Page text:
I will not light a candle in a Catholic Church, but I have paid for candles and asked priests to light them and say a prayer for a Catholic friend who has a problem.

I will not bless myself with holy water nor make the sign of the cross.

I do remove my hat in a Christian church, even though it is Jewish tradition to have your head covered in a synagogue and I remove my shoes in a mosque.

Do you agree with my actions? Do you handle it in the same way or differently?
I agree with your actions totally. They denote respect. In days gone by Gentlemen removed their hats when going in to a house - so that was quite normal. Different faiths do things differently. As far as lighting a candle - I respect your thoughts - but no Catholic would have the least objection if the spirit moved you so to do.

I have never been to any servces outside Christianity so I would not know how to behave. I am however certain that people would realise that I was a visitor and make allowances. Weddings are the easiest - most people in Britain only ever visit a church for weddings and so the majority do not know quite what to do. Usually the Minister will tell you whether to sit, stand or kneel so that makes life easy.

Since I believe that God knows what is in the heart and minds of us all our outward actions matter less than what are in our thoughts at that moment. I hope that offends no one.
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Old Nov 30, 05, 6:51 am
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I really enjoyed reading this topic and I think that the things you demonstrated were common sense approaches to uncommon situations.
Handled tactfully and tastfully.

In Bucharest you pass a beautiful Orthodox church when leaving the Piata Muncii on the way to Victor Gomoiou Childrens hospital.
One day as we were walking by we decided to go into it.
This church (or should i say basilica?) was one of the most ornate and beautiful churches I have ever been in. The church itself was ordinary in that
it was open to anyone to walk in off the streets, nothing of value except the rugs on the floor and the paint on the walls but the detail and color of the murals were fantastic.

I felt uncomfortable when my friends started snapping pictures (no one was around but us) but now that I think of it I am going to take my wife there
this December to show her and I'll take some pictures to show you.

I grew up in a Catholic family here in Los Angeles and I remember the old Cathedral in Los Angeles. My folks would take us to that church and it was decorated wonderfully but I believe that basilica in Romania with its simple beauty was much more enjoyable.
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Old Nov 30, 05, 11:37 am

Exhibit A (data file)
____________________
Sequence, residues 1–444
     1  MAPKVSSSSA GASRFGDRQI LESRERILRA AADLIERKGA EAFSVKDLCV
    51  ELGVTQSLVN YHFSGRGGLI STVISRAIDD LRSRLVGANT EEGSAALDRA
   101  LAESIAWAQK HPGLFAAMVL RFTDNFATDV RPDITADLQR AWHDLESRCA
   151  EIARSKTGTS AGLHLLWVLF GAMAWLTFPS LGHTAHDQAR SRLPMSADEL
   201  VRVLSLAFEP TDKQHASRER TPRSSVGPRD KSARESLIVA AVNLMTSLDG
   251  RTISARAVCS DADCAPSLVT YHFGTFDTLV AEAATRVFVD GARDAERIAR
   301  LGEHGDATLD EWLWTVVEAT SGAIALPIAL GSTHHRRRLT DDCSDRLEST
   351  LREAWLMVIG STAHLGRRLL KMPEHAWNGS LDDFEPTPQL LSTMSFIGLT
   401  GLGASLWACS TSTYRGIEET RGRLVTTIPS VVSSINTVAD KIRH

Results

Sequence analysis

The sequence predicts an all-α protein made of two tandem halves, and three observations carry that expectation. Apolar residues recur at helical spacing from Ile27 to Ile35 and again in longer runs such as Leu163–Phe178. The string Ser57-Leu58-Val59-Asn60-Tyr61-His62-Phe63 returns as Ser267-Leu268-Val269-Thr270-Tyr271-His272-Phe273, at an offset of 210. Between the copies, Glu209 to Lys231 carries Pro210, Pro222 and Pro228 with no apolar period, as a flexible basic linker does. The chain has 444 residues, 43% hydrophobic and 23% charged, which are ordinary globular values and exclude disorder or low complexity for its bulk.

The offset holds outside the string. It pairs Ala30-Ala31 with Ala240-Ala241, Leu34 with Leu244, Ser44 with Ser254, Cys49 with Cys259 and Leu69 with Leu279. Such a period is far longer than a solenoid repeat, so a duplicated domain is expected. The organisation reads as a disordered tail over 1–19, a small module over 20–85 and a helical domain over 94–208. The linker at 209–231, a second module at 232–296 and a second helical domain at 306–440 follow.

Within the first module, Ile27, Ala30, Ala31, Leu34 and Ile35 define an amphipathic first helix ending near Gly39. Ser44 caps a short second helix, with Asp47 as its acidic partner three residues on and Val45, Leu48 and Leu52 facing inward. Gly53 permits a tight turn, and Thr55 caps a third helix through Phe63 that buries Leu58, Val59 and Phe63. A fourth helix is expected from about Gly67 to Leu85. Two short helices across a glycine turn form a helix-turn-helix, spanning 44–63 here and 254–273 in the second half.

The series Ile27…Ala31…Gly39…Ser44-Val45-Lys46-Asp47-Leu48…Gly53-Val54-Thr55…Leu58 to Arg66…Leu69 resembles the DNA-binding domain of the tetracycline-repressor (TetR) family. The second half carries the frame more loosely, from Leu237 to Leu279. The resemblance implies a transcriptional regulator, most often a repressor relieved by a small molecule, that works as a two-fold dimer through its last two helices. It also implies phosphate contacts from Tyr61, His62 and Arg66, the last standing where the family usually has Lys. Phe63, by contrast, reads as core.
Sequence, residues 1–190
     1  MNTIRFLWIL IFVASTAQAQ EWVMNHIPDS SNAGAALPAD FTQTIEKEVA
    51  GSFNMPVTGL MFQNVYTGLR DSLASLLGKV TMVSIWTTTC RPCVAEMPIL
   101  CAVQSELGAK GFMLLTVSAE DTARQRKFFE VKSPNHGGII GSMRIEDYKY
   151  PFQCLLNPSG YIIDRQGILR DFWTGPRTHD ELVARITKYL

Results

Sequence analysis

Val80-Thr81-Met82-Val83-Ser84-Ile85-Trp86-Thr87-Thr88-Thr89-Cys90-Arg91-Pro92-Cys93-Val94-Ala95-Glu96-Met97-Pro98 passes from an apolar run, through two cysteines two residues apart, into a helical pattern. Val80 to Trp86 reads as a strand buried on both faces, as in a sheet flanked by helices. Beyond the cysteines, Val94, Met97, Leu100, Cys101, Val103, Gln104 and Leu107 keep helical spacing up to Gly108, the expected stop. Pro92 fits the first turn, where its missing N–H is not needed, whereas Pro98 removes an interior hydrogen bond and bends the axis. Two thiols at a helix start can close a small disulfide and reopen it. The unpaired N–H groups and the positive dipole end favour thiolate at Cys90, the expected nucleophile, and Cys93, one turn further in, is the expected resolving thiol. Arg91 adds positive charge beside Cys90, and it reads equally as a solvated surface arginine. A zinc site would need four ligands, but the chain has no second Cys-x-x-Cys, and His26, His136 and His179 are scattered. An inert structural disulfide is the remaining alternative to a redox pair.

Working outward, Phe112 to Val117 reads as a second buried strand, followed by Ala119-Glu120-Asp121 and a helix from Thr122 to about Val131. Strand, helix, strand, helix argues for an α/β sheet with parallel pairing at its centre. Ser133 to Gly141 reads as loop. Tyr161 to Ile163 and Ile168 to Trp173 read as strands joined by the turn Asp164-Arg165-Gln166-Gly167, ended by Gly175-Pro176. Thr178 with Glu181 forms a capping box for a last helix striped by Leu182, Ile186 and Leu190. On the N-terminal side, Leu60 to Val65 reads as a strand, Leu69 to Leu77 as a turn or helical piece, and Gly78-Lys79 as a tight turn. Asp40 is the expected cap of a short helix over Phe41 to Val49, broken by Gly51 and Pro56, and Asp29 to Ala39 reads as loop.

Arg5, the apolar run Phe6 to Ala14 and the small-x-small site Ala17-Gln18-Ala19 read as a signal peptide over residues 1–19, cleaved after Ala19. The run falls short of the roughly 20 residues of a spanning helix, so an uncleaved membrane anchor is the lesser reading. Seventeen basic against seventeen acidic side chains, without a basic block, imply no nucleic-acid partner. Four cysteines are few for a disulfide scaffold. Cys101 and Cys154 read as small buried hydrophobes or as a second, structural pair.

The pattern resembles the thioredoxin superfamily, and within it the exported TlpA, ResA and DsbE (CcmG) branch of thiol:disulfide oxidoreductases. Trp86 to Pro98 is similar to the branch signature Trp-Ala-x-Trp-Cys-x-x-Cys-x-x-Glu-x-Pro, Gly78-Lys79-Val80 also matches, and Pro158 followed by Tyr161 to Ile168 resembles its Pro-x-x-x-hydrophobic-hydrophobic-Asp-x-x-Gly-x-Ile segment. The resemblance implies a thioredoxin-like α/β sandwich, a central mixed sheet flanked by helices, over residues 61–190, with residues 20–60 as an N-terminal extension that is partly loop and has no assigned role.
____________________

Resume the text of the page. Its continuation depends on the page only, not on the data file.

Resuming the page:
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Originally Posted by Dovster
I have been to many Catholic churches, a number of Protestant ones, and some mosques. Obviously, when I go simply as a tourist, I try to be quiet, dress appropriately, and show respect for the site.

When I am more than a tourist -- for example, attending a Christmas Mass to enjoy the beauty of it or going to a Presbyterian wedding -- this question of how to behave becomes a bit trickier. In general, I have adopted the practice of not joining in prayers or hymns or making any sign that I am.

Hence, I will stand and sit with the congregation, but I will not kneel.

I will contribute if the basket is being passed around, but I will not accept communion (even in the Protestant churches where the communion plate is given from person to person).

I will not light a candle in a Catholic Church, but I have paid for candles and asked priests to light them and say a prayer for a Catholic friend who has a problem.

I will not bless myself with holy water nor make the sign of the cross.

I do remove my hat in a Christian church, even though it is Jewish tradition to have your head covered in a synagogue and I remove my shoes in a mosque.

Do you agree with my actions? Do you handle it in the same way or differently?
I think you're doing things quite appropriately. Prior to converting to Catholicism, I didn't kneel or stand with the congregation. I sat near the back of the church and observed.

I don't see any reason why you can't light a candle if you're praying for someone in a Catholic church. That can be done in a private moment, and there's no need to avoid the demonstration if you feel inclined. I certainly wouldn't be offended.

This is a good thread and I've enjoyed reading others' feelings on the subject. I can't say that I agree with all of the posts, but I think that my actions have generally been in alignment with the rest of you.
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Old Nov 30, 05, 11:46 am
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Originally Posted by dchristiva
I don't see any reason why you can't light a candle if you're praying for someone in a Catholic church.